A Lantern in Her Hand by Bess Streeter Aldrich. Historical fiction, I was wondering how accurate this portrayal was, but it was written in the 1920’s, so she probably had access to people who were alive at the times about which she was writing, but still. I was rather annoyed by about every characters, but I did find the book interesting for a “light” read.

    Literary Fiction

    All Creatures Great and Small and All Things Bright and Beautiful by James Herriot. I’d skimmed some of these stories as a child, but I didn’t remember anything to inspire me to pick them up quickly though I’d been meaning to do so. My mom borrowed a bunch of his works from the library, and when I worked a tedious job, I decided to get Playaways and got this one (narrated by Christopher Timothy). I was hooked right off. Little me clearly didn’t understand/appreciate British humor. I decided I wanted to try to read the second and quickly realized, no, I must listen, so I borrowed the second audio version. These are gems. The humor, the detail, the learning, the homeyness, the characters plus the narrator-actor’s brilliant reading and accents bring it quite alive. If blood and guts grosses you out, this isn’t for you. An be wary animal-lovers, there are some hard stories. I almost thought I couldn’t make it through a few.

    So Big by Edna Ferber. When I read A Lantern in Her Hand, I was reminded of this. So many of the same irritations. Rather depressing and yet at the same time rather fanciful. I know Ferber would’ve or could’ve known people like this, but it still had the sort of “poor hardworking hopeless people” attitude that someone who isn’t in that sphere uses. I definitely prefer Berry’s outlook toward farming even as I realize he usually has more more recent, more potentially prosperous (in soil and access geographically to other things) settings, and even as fanciful I think his outlook can be; he gives dignity not despair and pointlessness.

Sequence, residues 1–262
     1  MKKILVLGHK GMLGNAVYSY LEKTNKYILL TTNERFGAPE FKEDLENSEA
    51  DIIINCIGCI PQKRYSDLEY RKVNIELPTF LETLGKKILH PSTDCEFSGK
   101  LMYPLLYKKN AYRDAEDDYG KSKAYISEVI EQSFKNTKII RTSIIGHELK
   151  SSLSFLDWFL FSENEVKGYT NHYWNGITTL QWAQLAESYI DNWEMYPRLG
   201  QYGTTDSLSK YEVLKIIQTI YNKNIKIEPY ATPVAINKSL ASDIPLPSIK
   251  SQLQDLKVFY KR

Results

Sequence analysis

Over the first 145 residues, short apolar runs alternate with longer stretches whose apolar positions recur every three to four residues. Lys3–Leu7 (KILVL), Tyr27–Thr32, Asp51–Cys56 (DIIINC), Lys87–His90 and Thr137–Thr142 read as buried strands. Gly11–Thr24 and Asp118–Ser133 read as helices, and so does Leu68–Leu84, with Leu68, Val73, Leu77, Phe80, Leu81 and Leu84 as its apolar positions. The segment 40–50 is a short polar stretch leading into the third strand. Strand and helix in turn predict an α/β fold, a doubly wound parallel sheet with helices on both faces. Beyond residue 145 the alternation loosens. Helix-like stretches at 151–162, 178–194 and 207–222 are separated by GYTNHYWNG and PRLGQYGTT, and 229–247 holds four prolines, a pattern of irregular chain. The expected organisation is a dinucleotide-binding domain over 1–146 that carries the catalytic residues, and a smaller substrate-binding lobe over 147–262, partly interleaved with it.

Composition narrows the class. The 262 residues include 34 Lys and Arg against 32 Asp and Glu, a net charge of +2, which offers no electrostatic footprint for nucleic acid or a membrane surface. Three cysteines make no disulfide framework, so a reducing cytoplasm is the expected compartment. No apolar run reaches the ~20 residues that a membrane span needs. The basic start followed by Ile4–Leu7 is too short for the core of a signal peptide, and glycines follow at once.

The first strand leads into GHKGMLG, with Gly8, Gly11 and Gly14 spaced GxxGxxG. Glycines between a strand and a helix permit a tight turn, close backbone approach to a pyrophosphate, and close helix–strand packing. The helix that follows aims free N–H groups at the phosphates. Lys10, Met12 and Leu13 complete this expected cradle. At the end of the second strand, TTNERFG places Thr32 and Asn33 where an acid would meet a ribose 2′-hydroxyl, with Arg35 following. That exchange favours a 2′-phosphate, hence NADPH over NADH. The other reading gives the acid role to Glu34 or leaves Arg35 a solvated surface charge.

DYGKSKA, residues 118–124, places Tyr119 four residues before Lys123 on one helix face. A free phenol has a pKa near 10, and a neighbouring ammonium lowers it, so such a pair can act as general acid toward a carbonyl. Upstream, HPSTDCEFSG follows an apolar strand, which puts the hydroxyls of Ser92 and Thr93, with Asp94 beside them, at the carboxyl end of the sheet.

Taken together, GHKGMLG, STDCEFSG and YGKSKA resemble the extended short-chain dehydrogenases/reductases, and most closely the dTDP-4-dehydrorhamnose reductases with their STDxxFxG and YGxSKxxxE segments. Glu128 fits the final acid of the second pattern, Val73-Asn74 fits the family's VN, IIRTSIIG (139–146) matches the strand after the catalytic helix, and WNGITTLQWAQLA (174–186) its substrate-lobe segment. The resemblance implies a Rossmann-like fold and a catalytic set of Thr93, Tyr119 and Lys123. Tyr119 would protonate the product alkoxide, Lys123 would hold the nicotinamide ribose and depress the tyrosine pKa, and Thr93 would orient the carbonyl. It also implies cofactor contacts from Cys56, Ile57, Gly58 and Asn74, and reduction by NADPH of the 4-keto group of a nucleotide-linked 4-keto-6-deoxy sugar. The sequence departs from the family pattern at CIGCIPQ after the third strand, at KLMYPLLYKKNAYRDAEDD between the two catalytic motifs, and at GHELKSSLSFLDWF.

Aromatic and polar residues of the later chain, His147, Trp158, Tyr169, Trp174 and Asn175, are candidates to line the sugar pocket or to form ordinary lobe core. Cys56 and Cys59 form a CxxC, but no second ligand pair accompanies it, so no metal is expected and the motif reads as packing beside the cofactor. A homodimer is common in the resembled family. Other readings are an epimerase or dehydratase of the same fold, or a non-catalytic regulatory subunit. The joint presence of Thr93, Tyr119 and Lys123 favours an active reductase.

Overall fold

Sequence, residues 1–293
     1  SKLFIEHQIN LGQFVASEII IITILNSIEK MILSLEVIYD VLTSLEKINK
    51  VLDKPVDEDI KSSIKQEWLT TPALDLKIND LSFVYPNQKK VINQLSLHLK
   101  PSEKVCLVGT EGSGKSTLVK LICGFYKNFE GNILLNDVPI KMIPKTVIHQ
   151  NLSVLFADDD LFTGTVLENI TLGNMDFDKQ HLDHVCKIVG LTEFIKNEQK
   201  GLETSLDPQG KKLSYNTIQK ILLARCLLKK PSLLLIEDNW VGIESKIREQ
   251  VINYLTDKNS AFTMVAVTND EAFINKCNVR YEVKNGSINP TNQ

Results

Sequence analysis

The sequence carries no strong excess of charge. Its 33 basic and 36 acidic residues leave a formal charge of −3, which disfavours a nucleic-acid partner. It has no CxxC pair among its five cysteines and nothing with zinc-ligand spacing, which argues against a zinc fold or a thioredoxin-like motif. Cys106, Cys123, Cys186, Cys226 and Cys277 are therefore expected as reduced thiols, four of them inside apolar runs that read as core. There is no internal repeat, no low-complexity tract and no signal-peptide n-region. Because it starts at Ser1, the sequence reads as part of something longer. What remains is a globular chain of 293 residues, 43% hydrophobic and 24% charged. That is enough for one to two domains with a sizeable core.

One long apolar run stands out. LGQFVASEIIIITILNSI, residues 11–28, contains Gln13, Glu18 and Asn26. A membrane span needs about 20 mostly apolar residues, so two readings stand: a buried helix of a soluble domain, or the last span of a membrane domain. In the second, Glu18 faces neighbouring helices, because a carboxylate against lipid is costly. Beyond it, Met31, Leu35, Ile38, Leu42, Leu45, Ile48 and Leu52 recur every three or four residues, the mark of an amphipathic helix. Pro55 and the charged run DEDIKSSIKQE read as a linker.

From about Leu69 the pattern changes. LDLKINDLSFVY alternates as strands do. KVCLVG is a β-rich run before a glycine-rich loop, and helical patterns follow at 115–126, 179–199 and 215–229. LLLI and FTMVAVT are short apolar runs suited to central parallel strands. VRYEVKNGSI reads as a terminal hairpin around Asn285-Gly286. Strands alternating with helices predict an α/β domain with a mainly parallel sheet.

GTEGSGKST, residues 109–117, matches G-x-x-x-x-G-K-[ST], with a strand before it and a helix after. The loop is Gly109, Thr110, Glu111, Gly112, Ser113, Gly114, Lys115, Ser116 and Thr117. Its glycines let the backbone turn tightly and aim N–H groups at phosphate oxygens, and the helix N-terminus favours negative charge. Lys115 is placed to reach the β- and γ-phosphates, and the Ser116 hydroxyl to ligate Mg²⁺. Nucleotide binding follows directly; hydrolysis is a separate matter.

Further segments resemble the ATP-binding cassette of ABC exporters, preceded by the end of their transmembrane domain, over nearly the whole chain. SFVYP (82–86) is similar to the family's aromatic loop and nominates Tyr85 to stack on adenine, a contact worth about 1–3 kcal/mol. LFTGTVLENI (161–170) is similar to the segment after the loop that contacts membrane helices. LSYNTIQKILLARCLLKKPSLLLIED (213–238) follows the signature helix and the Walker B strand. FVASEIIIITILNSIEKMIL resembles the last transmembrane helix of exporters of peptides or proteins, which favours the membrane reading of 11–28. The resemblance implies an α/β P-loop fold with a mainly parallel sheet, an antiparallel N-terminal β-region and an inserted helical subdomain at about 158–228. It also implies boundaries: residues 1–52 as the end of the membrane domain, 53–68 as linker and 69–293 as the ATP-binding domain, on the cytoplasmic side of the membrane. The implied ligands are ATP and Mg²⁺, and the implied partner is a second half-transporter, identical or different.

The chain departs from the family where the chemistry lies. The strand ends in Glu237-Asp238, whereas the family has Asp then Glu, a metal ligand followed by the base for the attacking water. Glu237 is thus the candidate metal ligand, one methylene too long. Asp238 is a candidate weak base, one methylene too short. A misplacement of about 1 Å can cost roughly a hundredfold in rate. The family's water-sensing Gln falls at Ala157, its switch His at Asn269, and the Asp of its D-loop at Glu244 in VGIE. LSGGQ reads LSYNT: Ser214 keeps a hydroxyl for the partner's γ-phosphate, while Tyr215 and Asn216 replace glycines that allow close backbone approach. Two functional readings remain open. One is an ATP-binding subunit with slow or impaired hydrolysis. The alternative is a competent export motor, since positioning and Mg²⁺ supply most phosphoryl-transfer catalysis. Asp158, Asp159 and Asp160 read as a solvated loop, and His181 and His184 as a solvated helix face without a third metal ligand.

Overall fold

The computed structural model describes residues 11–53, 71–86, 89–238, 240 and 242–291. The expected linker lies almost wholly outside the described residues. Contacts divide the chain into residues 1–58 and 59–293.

Merlin by Stephen R. Lawhead. I enjoyed this one more than Taliesin. The feel is strikingly different. It’s also darker. I’ve thought a lot about bad content and tone toward content, but I guess didn’t think about emotions. I’m on Arthur now and started thinking about all the palpable hate. There are few acts of violence described, but not usually too graphically, and they fit with the historical (Saxon invasions) setting. The main characters are usually distinctly “good” characters in this series, but they are surrounded by so much hatred. It’s chilling and depressing, especially since the author is writing fantasy historical fiction. Much of what he writes rings similar to Sutcliff books, except darker; he’s done his research. Just bear all this in mind as it can be emotionally daunting or depressing. Thus far, I think it is definitely worth a read.